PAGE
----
Science Behind Alcohol: Sun God Edition

By Edgar Villaruel | UTS Staff Writer | SQ Online (2013-14)

One event that all UCSD students look forward to is the annual Sun God Festival. It is a time to have fun with your friends, enjoy great music, and, most importantly, release all of this year’s stress caused by studying all night for midterms or whatever else UCSD has thrown at you. So get excited and be prepared because the 32nd annual Sun God Festival is almost here!

Unfortunately, coming into this year, there was a possibility that the festival may be removed due to last year’s hospitalizations, which were mostly linked to alcohol consumption.

The Sun God Festival homepage states, “Alcohol consumption has resulted in not only rising detox admittance, but also 48 hospitalizations. A handful of these were near death and nearly all were due to heavy, rapid consumption of hard liquor.”

Flasks on flasks. Photo by Florence Lambert.
Flasks on flasks. Photo by Florence Lambert.

The entertainment that the Sun God Festival brings to UCSD is a cherished campus tradition that is threatened to be cancelled. But the problem has a simple, clear solution: To drink responsibly. Maybe that phrase alone is not enough. Let’s turn to science to explain the dangers of alcohol consumption and its solution.

How Alcohol Enters and Leaves the Body

When consumed, alcohol acts as poison that the body works to remove. After the alcohol is absorbed, the liver is then responsible for “sobering you up” and metabolizing the alcohol. A liver enzyme called alcohol dehydrogenase is released and breaks down each alcohol molecule by removing a hydrogen atom, which produces a non-intoxicating acetaldehyde. Then, aldehyde dehydrogenase is released to clean up the mess and break down the newly formed acetaldehyde.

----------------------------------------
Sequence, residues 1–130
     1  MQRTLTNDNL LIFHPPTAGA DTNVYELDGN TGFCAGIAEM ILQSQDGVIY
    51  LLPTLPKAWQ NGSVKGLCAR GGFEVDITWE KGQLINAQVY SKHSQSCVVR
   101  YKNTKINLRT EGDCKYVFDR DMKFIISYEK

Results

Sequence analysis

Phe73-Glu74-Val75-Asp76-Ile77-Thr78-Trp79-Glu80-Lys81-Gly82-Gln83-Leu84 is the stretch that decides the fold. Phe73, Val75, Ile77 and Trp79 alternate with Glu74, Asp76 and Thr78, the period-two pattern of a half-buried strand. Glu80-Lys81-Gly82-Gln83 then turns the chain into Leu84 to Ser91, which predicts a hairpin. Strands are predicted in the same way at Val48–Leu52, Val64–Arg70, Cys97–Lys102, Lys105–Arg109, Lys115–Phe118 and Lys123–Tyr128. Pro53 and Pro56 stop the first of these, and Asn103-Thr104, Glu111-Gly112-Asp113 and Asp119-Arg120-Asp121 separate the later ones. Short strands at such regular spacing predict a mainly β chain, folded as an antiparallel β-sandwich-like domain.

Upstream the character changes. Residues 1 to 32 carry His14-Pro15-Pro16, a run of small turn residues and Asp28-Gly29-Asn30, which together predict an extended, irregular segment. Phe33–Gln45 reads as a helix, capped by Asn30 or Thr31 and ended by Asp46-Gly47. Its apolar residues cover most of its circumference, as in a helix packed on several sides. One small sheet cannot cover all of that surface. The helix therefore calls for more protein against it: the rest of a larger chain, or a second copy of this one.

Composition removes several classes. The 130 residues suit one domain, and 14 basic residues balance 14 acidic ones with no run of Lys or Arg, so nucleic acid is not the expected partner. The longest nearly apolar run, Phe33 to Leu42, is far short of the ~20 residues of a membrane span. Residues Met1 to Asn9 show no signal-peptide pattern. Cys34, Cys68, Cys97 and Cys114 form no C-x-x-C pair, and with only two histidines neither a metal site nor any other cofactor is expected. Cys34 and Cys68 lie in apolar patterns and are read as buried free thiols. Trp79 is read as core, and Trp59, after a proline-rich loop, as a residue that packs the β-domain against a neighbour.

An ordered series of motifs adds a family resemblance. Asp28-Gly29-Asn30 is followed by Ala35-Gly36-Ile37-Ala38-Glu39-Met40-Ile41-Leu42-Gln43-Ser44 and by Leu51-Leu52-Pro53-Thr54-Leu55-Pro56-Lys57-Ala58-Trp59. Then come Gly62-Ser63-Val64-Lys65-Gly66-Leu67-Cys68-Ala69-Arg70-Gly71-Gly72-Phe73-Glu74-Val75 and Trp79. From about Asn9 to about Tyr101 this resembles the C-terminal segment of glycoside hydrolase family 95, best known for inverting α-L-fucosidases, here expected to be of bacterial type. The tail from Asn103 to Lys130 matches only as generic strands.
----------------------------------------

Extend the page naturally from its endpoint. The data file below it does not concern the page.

In general, the liver can process one ounce of liquor (or one standard drink) in one hour. If you consume more than this, your system becomes saturated, and the additional alcohol will accumulate in the blood and body tissues until it can be metabolized. This is why taking multiple shots or playing drinking games can result in high blood alcohol concentrations that last for several hours.

Dangers of Common Alcohol Practices

Drinking On An Empty Stomach

Drinking alcohol on an empty stomach can be quite dangerous. Approximately 20 percent of alcohol is absorbed through the stomach and the remaining 80 percent is absorbed through the small intestine. Alcohol enters the bloodstream through the stomach and small intestine. Alcohol is a water-soluble molecule and thus it can easily cross cell membranes. The blood then carries the alcohol throughout the body, which enters the tissues of the body. Once inside the tissues, alcohol exerts its negative effects such as slurred speech, impaired judgement, and distorted vision and hearing.

Therefore, if a meal is consumed before alcohol, this helps reduce the effects of alcohol. But it is not because the food “soaks up” the alcohol. Instead, it is because the stomach has something called the pyloric sphincter, a release valve into the small intestine, which closes tightly when a meal is consumed. Since your stomach is occupied after a meal, the pyloric sphincter is tightly closed and the stomach enzymes, which also includes alcohol dehydrogenase like the liver, have more time to break down alcohol before it reaches the small intestine where a majority of alcohol is absorbed. So, if one does decide to drink on an empty stomach where the pyloric sphincter is open, the liquid would easily move into the small intestine, where there is more than 200 square meters of surface area for alcohol to be absorbed throughout the body’s tissue.